Endnotes:



1. Motion for Reconsideration of Petitioner, 22.

2. Petition, 5.

3. Memorandum for Petitioner, 16-17.

4. Decision, 2.

5. Cf. Demaronsing v. Tandayag, L-27057, Aug. 21, 1974, 58 SCRA 484; De Borja v. Flores, 62 Phil. 106 (1935); De Borja v. Tan, 93 Phil. 167 (1953); Flash Taxicab Co. v. Cruz, L-15464, March 30, 1963, 7 SCRA 518; Caltex (Phil.) Inc. v. Castillo, L-24657, Nov. 27, 1967, 21 SCRA 1071; Batangas Laguna Tayabas Bus Co. v. Cadiao, L-28725, March 12, 1968, 22 SCRA 987; Maglasang v. Ople, L-38813, April 29, 1975, 63 SCRA 508; Nation Multi Service Labor Union v. Agcaoili, L-39141, May 30, 1975; 64 SCRA 274.

6. Comment, 2. The Solicitor General was assisted by Assistant Solicitor General Reynato S. Puno and Solicitor Jesus V. Diaz.

7. Ang Tibay v. Court of Industrial Relations, 69 Phil. 635 (1940).

8. The Ang Tibay doctrine was subsequently followed in Antamok Goldfields Mining Co. v. CIR, 70 Phil. 340 (1940); Manila Trading and Supply Co. v. PLU, 71 Phil. 124 (1940); Mindanao Bus Co. v. MBC Empls. Asso., 71 Phil. 168 (1940); Manila Trading Co. v. PLU, 71 Phil. 578 (1941); Leyte Land Trans. Co. v. Leyte Farmers & Laborer’s Union, 80 Phil. 842 (1948); Shell Co. v. NLU, 81 Phil. 315 (1948); Phil. Educ. Co. v. CIR, 94 Phil. 73 (1953); Lakas ng Pagkakaisa sa Peter Paul v. CIR, 96 Phil. 63 (1954); Dimayuga v. CIR, Et Al., 101 Phil. 590 (1957); NLU v. OSCO Workers Fraternity Labor Union, 110 Phil. 627 (1960); NDC v. Collector of Customs, 118 Phil. 1265 (1963) Timbangcaya v. Vicente, 119 Phil. 169 (1963); Vigan Electric Light Co., Inc. v. PDC, L-19850, Jan. 30, 1964; 10 SCRA 46; Lustre, Et. Al. v. CAR, L-19654, March 31, 1964, 10 SCRA 659; Commissioner of Immigration v. Hon. Fernandez, L-22696, May 26, 1964, 11 SCRA 184; Borja v. Moreno, L-16487, July 31, 1964, 11 SCRA 568; Santos v. Secretary of Public Works, L-16949, March 18, 1967, 19 SCRA 637; Phil. Air Lines, Inc. v. CAB, L-24321, July 21, 1967, 20 SCRA 849; Ermita-Malate Hotel and Motel Operators Asso. v. City Mayor, L-24693, July 31, 1967, 20 SCRA 849; Caltex (Phil.), Inc. v. Castillo, L-24657, Nov. 27, 1967, 21 SCRA 1071; Palanan Lumber & Playwood Co., Inc. v. Hon. Arranz, L-27106, March 20, 1968, 22 SCRA 1186; Caltex Filipino Mgrs. & Supvs. Asso. v. CIR, L-28472, April 30, 1968, 24 SCRA 867; Phil. Lines v. CAB, L-24219, June 13, 1968, 24 SCRA 992; Alalayan v. NPC, L-24396, July 29, 1968, 24 SCRA 172; Serrano v. PSC, L-24165, Aug. 30, 1968, 24 SCRA 867; Gracilla v. CIR, L-24489, Sept. 29, 1968, 25 SCRA 242; Sanchez v. CIR, L-26932, March 28, 1969, 27 SCRA 490; Mateo v. Moreno, L-21024, July 28, 1969, 28 SCRA 769; Lakas ng Manggagawang Makabayan v. Court of Industrial Relations, L-32178, Dec. 28, 1970, 36 SCRA 600.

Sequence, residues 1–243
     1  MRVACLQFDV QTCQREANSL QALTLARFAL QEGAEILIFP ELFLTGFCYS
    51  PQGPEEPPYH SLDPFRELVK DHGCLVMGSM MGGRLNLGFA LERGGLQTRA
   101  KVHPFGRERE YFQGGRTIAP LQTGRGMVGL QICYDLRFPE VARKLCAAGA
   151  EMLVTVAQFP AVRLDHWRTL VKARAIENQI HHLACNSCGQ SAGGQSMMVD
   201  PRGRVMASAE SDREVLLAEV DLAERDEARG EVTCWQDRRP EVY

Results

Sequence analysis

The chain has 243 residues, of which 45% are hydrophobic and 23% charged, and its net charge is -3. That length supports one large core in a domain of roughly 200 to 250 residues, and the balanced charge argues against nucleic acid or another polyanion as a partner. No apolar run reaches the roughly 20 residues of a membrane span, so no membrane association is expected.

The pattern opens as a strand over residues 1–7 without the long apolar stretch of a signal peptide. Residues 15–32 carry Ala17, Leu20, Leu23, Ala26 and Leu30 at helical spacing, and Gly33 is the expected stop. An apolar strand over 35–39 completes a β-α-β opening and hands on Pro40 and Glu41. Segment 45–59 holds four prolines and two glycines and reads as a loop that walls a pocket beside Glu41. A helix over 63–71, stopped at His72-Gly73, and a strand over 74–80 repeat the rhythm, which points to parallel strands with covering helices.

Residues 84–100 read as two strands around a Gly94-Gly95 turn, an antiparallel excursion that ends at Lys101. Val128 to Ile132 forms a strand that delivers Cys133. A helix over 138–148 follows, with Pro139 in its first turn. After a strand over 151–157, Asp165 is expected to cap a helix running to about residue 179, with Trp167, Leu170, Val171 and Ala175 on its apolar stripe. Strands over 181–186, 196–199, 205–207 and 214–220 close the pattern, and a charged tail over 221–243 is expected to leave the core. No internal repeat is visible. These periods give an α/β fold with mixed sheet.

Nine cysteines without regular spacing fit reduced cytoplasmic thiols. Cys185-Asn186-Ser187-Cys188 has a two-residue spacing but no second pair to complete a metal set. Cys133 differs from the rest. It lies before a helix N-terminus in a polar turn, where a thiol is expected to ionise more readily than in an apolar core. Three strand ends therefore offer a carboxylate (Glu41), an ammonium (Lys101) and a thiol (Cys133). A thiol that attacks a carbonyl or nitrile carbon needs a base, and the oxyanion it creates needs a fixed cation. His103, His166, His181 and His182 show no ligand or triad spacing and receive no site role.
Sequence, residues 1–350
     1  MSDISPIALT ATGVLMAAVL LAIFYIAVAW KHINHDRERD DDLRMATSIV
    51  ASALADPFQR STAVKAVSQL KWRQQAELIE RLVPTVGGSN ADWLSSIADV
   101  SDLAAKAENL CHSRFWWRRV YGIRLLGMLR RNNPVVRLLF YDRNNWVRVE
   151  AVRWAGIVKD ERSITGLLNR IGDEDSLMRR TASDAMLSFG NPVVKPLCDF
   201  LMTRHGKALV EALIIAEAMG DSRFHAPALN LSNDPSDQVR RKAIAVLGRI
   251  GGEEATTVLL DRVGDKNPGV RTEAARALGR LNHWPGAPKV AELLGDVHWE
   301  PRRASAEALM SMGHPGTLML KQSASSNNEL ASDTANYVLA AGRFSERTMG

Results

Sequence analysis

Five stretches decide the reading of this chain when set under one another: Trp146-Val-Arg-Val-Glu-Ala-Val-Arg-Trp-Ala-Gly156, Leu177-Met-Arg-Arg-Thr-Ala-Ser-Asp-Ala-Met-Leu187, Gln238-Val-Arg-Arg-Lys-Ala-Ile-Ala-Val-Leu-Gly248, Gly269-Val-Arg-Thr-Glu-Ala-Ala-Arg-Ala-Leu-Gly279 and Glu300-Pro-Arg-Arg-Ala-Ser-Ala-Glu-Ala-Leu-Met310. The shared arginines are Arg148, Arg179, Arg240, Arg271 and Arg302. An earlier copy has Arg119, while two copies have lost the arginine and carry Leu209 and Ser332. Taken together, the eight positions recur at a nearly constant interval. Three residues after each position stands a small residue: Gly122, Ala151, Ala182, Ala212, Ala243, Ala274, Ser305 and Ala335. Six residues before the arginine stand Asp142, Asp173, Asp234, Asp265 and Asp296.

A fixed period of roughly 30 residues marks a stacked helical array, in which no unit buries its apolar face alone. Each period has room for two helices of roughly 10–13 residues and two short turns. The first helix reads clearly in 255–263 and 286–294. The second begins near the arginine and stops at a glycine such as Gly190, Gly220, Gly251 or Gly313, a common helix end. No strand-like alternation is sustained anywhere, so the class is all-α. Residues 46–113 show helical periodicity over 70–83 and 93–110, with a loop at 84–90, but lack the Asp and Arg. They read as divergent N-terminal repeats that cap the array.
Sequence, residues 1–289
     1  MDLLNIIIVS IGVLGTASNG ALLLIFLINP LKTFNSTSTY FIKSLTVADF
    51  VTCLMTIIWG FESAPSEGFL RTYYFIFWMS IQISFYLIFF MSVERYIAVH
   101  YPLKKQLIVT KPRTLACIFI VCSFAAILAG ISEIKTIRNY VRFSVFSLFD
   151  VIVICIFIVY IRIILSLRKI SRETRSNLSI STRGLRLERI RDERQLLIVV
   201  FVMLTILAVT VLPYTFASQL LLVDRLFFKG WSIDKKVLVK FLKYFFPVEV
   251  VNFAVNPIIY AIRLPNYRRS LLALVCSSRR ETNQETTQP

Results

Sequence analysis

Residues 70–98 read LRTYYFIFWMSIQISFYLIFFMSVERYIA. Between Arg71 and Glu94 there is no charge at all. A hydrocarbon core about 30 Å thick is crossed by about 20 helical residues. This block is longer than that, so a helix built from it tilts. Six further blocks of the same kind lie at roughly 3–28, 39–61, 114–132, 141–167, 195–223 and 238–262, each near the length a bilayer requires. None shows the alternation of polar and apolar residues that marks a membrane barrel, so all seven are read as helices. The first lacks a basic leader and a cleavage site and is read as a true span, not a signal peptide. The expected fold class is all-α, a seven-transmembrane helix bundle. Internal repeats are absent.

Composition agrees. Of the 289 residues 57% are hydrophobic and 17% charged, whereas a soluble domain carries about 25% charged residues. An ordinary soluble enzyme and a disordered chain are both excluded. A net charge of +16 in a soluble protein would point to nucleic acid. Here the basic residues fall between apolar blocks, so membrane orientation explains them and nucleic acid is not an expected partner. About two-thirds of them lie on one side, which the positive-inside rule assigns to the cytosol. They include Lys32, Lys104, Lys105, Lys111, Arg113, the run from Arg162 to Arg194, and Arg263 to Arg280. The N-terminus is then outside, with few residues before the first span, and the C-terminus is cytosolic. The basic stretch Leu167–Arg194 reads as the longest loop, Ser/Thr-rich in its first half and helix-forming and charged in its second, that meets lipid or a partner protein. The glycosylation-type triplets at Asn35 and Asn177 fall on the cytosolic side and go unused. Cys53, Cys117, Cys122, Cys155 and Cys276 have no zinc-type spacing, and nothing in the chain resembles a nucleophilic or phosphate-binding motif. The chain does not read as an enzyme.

9. L-21064, February 18, 1970, 31 SCRA 413.

10. Ibid.